An associate who experienced the death of a parent, followed by the shocking death of a spouse, which was followed by yet another tragic loss, asked, “Why is God doing this? If he is not doing it directly, why is he allowing it to happen to me, time and time again? How much suffering is enough?”
Each person’s pain is unique, but all humans experience pain, and many have asked similar questions.
C.S. Lewis (1898-1963), known to the general population for his renowned “Chronicles of Narnia: The Lion, the Witch and the Wardrobe,” and known to Christians for books such as “Mere Christianity” and “The Screwtape Letters,” also wrote much about the problem of suffering, such as experienced by my associate — and of evil, such as exhibited this week in the Boulder mass murders, and last week in the Atlanta killings.
Labeled by many as “20th century’s greatest defender of God and Christianity,” Lewis searched for God’s goodness in the midst of pain, specifically so in his books “The Problem of Pain” and “A Grief Observed,” the second written after his wife’s death. In these books Lewis writes with a deepness that most of us can’t comprehend, but yet he writes with a clarity that causes us to think deeper than usual.
Since we are imperfect people living in an imperfect world, and since we have “free will” to make decisions and choices, Lewis writes of suffering due to natural causes and suffering caused by ourselves and others. His view of suffering changed somewhat between “The Problem of Pain” published in 1940 and “A Grief Observed” 20 years later. The first was more of an outsider looking in. The second was more of an insider view.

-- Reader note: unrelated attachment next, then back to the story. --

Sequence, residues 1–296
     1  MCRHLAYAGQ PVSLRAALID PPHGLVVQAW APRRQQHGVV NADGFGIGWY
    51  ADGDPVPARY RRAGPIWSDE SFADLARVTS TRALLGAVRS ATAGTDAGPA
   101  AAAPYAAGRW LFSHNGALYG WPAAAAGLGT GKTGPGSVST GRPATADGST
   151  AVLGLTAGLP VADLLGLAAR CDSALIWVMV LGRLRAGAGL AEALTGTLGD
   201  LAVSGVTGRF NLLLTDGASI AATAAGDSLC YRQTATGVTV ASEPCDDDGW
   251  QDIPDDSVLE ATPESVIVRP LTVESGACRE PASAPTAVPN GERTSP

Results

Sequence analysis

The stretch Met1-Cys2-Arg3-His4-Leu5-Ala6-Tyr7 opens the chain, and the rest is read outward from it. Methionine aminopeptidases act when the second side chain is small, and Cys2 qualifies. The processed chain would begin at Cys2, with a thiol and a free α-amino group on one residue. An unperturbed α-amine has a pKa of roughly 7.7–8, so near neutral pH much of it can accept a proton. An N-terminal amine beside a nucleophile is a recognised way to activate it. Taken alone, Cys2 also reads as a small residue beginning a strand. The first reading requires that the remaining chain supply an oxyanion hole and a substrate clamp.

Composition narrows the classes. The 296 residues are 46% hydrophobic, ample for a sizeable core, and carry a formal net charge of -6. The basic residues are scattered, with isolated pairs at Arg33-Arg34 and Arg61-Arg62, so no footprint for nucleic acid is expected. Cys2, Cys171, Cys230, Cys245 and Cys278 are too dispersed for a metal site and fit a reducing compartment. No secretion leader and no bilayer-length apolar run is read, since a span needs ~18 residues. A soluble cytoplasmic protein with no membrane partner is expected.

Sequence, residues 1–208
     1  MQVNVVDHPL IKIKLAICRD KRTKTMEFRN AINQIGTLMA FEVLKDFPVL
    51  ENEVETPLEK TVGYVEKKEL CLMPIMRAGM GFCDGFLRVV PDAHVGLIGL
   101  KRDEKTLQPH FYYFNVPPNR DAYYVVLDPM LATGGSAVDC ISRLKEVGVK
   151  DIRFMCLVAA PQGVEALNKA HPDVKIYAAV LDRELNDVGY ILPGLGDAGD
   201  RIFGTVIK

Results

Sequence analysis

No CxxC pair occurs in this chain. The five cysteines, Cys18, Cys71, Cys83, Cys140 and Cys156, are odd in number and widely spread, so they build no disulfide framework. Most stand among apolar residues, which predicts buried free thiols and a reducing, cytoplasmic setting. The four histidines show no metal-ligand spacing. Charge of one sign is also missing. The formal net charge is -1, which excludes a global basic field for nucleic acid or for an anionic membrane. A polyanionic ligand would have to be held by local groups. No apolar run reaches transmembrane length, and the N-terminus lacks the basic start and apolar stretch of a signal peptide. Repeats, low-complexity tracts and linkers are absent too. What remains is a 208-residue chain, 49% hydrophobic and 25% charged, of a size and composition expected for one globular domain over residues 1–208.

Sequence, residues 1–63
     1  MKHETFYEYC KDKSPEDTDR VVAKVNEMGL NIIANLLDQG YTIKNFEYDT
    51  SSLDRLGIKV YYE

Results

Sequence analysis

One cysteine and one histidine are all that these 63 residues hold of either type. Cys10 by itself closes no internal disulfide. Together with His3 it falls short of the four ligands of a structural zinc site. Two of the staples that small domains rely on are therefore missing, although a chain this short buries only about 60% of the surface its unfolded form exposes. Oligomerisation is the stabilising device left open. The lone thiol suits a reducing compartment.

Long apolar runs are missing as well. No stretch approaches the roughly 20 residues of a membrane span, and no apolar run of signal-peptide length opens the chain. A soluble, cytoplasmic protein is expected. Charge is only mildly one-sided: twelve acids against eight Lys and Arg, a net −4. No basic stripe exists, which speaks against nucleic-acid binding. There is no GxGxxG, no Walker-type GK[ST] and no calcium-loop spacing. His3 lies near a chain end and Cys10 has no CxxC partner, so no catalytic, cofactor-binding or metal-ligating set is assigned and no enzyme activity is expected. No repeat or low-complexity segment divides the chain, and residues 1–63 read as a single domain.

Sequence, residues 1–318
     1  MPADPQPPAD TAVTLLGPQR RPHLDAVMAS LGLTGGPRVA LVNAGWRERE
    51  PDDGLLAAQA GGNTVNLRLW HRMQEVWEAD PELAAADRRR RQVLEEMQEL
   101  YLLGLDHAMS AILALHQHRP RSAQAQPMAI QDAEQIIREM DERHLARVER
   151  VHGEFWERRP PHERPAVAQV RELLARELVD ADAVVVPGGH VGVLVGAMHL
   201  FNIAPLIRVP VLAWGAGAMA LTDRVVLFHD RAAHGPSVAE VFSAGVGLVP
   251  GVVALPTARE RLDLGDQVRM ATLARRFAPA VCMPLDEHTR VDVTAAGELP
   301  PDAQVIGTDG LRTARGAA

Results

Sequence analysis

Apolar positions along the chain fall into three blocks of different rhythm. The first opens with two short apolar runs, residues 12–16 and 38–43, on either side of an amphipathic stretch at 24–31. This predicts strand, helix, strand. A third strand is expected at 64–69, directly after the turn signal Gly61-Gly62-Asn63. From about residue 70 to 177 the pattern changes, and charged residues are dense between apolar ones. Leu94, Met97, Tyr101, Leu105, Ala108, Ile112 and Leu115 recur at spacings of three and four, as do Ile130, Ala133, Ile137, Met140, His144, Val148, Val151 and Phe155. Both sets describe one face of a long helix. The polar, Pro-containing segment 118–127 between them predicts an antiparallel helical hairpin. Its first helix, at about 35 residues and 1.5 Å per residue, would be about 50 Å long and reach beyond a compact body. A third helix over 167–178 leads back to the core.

I dare not attempt to express Lewis’s theological arguments regarding evil, sin and the nature of things in this brief column, but I do share his thoughts regarding the fact that while God gives us “free will” he does not at the same time withhold from us the ability to use this “free will” in order for him to prevent evil from happening. However, God can miraculously intervene, lead and guide us in our decisions and actions.
I recall evangelist Dr. Billy Graham writing, “Someone asked me if I didn’t think God was unfair, allowing me to have Parkinson’s and other medical problems when I have tried to serve God faithfully. I replied that I did not see it that way at all. Suffering is part of the human condition, and it comes to us all. The key is how we react to it, either turning away from God in anger and bitterness or growing closer to him in trust and confidence.”
This leads me to think of Romans 8:28, “All things work together for good for those who love God, who are called according to his purpose.”
This is not a spiritual Band-Aid. Rather, to me it means that God does not cause the suffering, but can use it for the good to draw us closer to him to restore us and to strengthen us during tragic times.
People of various faiths — or with no religious faith at all — ask, “How could a good God allow these things to happen? How can a God of love allow killers to kill, terrorists to terrorize, and the wicked to escape without a trace? How can a good God allow a disease or accident to take from me the ones I love?
C.S. Lewis points out that our conception of “goodness” is different than God’s conception.
Lewis writes, “How many hours are there in a mile? Is yellow square or round? Probably half the questions we ask — half our great theological and metaphysical problems — are like that.” He goes on to write, “The more we believe that God hurts only to heal, the less we can believe that there is any use in begging for tenderness.”
Pain and suffering on earth will never go away — but neither will faith, hope and love. To this end, Lewis advises, “Do not make the problem of pain worse by tallying up the sum total of earthly miseries.”
Carl Mays is a National Speakers Hall of Fame member and author of over a dozen books, including A Strategy For Winning (foreword by Coach Lou Holtz). Email: firstname.lastname@example.org